Filipino students to cochair int’l youth leaders summit
Filipino students Brina Maximo and Sashi Montaña, both 19, cochaired this year’s Social Impact Summit held from July 23-28 in Los Angeles, California.
Held simultaneously with the biennial Special Olympics World Games, the Social Impact Summit is an international convention of youth leaders from different countries.
It aims to generate and implement actionable ideas that can educate, motivate and activate individuals, particularly the youth, to promote acceptance and inclusion of people with intellectual disabilities in community life and activities.
Kaye Samson of Special Olympics Philippines, said the Special Olympics was “not an event but a movement” and should not be confused with the Paralympics, which is for people with physical disabilities.
She said the Special Olympics showed that people with intellectual disabilities had “real needs, high hopes, big dreams and families” that cared for them.
Summit cochair Maximo was one of those people Samson described. Maximo, supported by her family, did not let her disability keep her from pursuing her education and gain acceptance.
Graduating class valedictorian in primary school, Maximo will receive her Bachelor of Arts in History diploma next year. In her spare time, she is an assistant to a teacher handling a class of students with intellectual disabilities.
“I want to be happy and to be accepted in the community,” Maximo said.
Cochair martial arts athlete Montaña, an incoming freshman at the University of the Philippines in Diliman, Quezon City, has been a Special Olympics volunteer since 2012.
She said she started volunteering at a young age to help persons with disabilities.
“I really have had a deep love for people with disabilities since I was young,” Montaña said.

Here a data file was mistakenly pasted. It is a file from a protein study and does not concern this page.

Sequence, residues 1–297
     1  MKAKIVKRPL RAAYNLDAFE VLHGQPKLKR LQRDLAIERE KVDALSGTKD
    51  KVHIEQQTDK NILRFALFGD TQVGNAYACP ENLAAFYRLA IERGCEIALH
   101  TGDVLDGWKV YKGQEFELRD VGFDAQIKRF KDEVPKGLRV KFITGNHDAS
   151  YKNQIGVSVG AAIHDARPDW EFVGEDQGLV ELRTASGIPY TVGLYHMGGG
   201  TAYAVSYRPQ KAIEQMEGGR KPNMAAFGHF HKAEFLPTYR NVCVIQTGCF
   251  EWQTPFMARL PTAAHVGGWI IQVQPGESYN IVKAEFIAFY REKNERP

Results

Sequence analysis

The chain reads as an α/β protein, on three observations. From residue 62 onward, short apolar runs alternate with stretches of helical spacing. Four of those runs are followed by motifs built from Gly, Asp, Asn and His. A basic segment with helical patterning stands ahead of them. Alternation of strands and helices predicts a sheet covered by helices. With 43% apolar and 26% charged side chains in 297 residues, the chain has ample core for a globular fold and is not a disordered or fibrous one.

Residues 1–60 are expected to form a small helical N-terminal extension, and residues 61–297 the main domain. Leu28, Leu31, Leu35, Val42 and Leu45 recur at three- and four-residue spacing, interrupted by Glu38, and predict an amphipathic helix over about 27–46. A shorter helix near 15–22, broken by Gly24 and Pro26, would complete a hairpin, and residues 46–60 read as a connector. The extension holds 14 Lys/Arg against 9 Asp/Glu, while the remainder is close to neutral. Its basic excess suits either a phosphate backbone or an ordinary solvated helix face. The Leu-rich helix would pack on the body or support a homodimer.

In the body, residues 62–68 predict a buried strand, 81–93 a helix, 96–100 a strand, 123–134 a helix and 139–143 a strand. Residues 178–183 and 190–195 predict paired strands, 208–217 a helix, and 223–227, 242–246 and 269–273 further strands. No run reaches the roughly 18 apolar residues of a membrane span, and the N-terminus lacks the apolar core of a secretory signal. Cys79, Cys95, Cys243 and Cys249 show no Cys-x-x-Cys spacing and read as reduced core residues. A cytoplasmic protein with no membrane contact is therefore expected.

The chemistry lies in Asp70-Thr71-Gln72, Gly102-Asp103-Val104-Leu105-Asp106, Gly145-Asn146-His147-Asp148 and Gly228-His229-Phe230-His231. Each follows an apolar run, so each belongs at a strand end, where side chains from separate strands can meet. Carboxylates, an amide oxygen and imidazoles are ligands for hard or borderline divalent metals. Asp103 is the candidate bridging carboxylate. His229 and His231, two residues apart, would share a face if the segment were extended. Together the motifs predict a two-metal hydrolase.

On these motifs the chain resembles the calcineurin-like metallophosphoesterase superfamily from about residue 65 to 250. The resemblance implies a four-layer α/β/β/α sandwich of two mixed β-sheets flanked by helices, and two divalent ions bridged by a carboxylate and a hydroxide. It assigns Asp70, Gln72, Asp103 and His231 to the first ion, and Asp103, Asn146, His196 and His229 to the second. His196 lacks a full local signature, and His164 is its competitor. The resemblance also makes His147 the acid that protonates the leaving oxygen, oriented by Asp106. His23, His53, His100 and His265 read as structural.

Maximo and Montaña were elected during the Global Youth Activation Summit in 2013 in Pyeongchang, South Korea.
The Filipino pair presented their project “Eye Can Play: A Healthy Eyeffair” at the summit.
The “edutainment” project aimed to help Special Olympics athletes, their families and caregivers learn more about the importance of a healthy vision.
It used vision test and hand-eye coordination activities, like interactive computer games, puzzles, giant word search, etc. to discover eyesight problems among athletes that might require vision solutions.
The summit integrated the Special Olympics’ Opening Eyes Program, which gave vision and eye health screening for the athletes.
At a presummit press conference, Dr. Emelita Roleda, general manager of Essilor Philippines, said individuals with intellectual disabilities comprised the biggest disability group. They were also more likely to have vision problems.
Roleda said Essilor Vision Foundation, Essilor’s public charity arm and global sponsor of the World Games Special Olympics 2015 and Social Impact Summit, “helps people with intellectual disabilities” and had “provided prescription, protective eyewear and vision counseling” for participants of the twin events.
The foundation, she said, had provided more than 100,000 Special Olympics athletes with eyewear and vision counseling.
Samson said the Philippines was sending 35 athletes and 15 coaches and officials to the Special Olympics. The athletes were competing in aquatics, athletics, badminton, bowling, unified 5-a-side football, rhythmic gymnastics and powerlifting.
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